K2 wind threatens farmer with lawsuit


By Barb McKay

A Lucknow farmer has received what he calls a threatening letter from legal counsel for K2 Wind, advising him that he must stop spreading manure on his fields or face a lawsuit.

George Alton owns a farming operation, which includes 300 acres of cash crop and 2,000 head of beef cattle, within the K2 Wind project in Ashfield-Colbourne-Wawanosh Township. He has been corresponding with the wind energy development company since the summer over concerns about potential impacts to his farming operation during construction and once the project is operational, including shadow flicker from turbines.

Alton shared a letter he received in September from Davies, Ward, Phillips and Vineberg, attorneys for K2 Wind, with The Independent accusing him of deliberately interfering with construction of the project by parking his tractor on a public road allowance entrance to the field where construction is taking place. The firm also informed him that spreading manure on his fields “presents a health risk to workers in the area and is a substantial impediment to construction.”

The letter ends with the statement: “Your continued activities present a serious hazard to the health and safety of K2 Wind’s personnel and cause serious harm to K2 Wind. Therefore, K2 Wind believes it is necessary to advise you of both the potential consequences of any efforts to interfere with construction and that K2 Wind will take necessary steps to enforce its legal rights and recover its damages and associated legal expenses.”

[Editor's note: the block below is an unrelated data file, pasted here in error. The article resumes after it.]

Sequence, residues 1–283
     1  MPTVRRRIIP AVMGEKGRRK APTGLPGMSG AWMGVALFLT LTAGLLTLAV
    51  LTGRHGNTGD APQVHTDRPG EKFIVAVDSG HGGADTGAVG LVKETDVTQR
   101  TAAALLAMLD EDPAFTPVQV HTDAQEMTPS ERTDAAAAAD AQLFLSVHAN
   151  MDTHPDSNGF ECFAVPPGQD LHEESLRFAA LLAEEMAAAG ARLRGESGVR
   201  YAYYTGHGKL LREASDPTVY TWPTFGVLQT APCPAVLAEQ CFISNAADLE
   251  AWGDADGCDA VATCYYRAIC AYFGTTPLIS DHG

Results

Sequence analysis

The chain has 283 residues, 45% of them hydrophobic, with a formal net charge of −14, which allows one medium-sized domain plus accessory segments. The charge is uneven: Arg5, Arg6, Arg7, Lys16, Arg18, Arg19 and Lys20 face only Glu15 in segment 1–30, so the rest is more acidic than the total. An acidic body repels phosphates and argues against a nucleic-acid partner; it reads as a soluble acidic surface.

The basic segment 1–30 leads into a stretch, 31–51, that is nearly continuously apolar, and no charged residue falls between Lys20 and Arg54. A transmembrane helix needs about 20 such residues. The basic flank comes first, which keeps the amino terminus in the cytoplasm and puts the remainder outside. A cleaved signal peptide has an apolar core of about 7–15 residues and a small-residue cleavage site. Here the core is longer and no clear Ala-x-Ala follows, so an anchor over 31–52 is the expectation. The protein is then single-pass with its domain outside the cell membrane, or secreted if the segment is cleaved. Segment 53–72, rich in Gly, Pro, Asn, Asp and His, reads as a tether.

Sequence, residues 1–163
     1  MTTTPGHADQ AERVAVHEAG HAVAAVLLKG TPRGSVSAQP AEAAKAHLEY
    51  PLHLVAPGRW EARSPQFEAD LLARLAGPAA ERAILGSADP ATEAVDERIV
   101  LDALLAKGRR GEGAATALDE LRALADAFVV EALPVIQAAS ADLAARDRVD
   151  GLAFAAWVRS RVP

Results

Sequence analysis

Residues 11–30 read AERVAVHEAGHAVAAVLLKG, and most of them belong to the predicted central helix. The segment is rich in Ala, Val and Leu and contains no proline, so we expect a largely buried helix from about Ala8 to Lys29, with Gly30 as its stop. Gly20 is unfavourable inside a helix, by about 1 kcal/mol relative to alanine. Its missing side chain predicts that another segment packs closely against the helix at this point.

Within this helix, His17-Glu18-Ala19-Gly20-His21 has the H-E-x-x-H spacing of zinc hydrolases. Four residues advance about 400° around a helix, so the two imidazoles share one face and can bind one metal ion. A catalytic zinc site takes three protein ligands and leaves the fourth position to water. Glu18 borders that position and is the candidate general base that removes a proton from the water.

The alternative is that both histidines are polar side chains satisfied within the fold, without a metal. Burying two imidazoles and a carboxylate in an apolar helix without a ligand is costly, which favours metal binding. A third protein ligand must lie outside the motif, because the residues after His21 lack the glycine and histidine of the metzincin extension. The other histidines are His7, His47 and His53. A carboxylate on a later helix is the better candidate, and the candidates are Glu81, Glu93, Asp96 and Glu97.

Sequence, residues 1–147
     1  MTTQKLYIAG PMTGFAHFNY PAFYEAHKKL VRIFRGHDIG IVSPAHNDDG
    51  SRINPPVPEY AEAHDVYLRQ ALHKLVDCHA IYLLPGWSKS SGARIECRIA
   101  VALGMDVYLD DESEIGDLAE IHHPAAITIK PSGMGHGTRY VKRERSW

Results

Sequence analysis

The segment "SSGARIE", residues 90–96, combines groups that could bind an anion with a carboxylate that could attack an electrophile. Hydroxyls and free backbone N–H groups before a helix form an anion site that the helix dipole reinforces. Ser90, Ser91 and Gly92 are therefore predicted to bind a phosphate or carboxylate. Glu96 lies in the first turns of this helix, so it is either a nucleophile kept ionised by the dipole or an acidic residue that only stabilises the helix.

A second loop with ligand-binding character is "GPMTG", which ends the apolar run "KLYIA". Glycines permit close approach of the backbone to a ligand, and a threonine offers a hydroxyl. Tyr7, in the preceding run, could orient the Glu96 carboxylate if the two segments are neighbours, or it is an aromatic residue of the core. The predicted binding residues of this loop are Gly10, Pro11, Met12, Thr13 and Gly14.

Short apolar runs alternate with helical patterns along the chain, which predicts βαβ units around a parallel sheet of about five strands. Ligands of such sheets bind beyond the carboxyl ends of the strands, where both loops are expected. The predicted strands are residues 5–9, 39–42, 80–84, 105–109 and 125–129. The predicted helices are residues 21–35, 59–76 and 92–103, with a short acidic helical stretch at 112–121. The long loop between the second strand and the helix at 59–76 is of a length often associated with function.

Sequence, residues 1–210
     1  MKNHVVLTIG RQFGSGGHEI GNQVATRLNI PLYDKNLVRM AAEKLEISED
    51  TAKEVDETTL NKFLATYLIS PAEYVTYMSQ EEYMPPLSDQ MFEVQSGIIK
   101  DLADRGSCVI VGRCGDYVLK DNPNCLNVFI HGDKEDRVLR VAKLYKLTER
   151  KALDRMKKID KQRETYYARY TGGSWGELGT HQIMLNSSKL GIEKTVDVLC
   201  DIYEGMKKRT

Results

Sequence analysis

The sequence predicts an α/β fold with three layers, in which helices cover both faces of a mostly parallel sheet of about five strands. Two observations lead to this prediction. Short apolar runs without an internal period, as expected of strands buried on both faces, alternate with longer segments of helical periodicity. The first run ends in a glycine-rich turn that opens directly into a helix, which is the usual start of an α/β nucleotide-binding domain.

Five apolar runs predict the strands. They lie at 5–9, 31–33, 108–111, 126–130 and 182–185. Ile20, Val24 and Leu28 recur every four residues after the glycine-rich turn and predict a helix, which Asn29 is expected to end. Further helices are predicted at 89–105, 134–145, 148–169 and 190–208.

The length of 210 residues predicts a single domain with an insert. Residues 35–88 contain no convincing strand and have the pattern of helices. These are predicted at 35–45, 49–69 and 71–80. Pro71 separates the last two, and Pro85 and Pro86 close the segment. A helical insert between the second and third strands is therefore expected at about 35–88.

Alton said liquid manure is typically spread in late August, but poor weather delayed the application and it ended up coinciding with the K2 Wind construction. He said many other farmers, including landowners participating in the project also spread manure at this time of year. In a letter to K2 Wind’s lawyers on Oct. 24, he inquired if those farmers had also received legal letters. He noted that he had advised K2 Wind in August that he would be spreading manure and would need access to the fields.

He said he tried to co-operate with the company’s contractors from Black and MacDonald by cutting six rows of corn to provide them with a location to store dirt during construction.

 As of last week, Alton said he had not received a response back from the legal counsel, but said he has had enough.

“From this point, I have no use for K2 and I won’t co-operate with them,” he said.